Polyamory Increases Testosterone, Makes You Live Longer

September 5, 2017 at 1:07 am





A 2007 study that didn’t get much publicity found that polyamorous people have higher testosterone levels than both single people and people in monogamous relationships.

It’s long been known monogamously married men have lower testosterone levels than (presumably more promiscuous) single men, but polyamourous men (and women!) in multiple committed relationships have the highest testosterone levels of all.




Higher levels of testosterone are associated with longevity, while low levels are associated with all kinds of disease.

Men with low testosterone are four times as likely to suffer from clinical depression, heart disease, cancer and Alzheimer’s and up to 2.5 times more likely to die prematurely from any cause.

The health benefits of higher testosterone in women aren’t as well known, but new studies suggest the hormone is almost as important for female-bodied people as it is for males.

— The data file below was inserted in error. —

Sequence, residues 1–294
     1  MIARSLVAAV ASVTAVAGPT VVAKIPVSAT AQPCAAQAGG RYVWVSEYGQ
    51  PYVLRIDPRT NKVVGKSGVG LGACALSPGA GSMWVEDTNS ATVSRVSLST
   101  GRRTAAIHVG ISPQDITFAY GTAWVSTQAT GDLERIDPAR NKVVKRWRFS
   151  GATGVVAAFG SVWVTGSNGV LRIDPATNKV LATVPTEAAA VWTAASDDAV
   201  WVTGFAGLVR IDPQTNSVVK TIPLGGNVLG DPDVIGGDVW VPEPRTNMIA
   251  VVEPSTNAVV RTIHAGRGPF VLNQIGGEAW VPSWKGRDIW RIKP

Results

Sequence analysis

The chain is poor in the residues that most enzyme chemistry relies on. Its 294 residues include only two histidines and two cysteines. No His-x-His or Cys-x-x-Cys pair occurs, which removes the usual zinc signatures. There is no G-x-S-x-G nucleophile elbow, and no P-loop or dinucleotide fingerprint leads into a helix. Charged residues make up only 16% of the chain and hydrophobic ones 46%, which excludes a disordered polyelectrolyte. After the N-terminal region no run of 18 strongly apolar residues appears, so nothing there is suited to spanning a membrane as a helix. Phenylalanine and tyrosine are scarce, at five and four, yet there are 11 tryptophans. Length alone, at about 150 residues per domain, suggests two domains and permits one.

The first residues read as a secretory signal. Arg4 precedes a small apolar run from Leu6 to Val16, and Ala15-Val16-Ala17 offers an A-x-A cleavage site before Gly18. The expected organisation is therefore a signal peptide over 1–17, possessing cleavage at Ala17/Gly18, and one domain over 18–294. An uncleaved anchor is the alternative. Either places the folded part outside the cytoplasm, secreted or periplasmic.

Slightly increasing testosterone levels in aging women restores sex drive and arousal, reduces body fat, increases muscle mass, reduces risk of heart attack and breast cancer.




Many people will ask the chicken or the egg question – does polyamory (specifically sex with multiple committed partners in this case) cause higher testosterone levels, or are people with higher testosterone levels more drawn to polyamory?

But the bottom line is having sex — especially satisfying sex — raises testosterone levels and fuels the desire for more sex. Studies show testosterone levels increase immediately after sexual activity. And polyamorous people typically have more sex than monogamous people.

“It’s not just the passing of time that bring these levels down: monogamy itself seems to drain away a man’s testosterone,” writes Christopher Ryan in Sex at Dawn. “Married men consistently show lower levels of the hormone than single men of the same age … Married men having affairs, however, were found to have higher testosterone levels than those who weren’t.”

“There is good reason to believe that even casual contact with novel, attractive women can have a tonic effect on men’s hormonal health,” Ryan continues. “Researcher James Roney found that even a brief chat with an attractive woman raised men’s testosterone levels by an average of 14 percent.”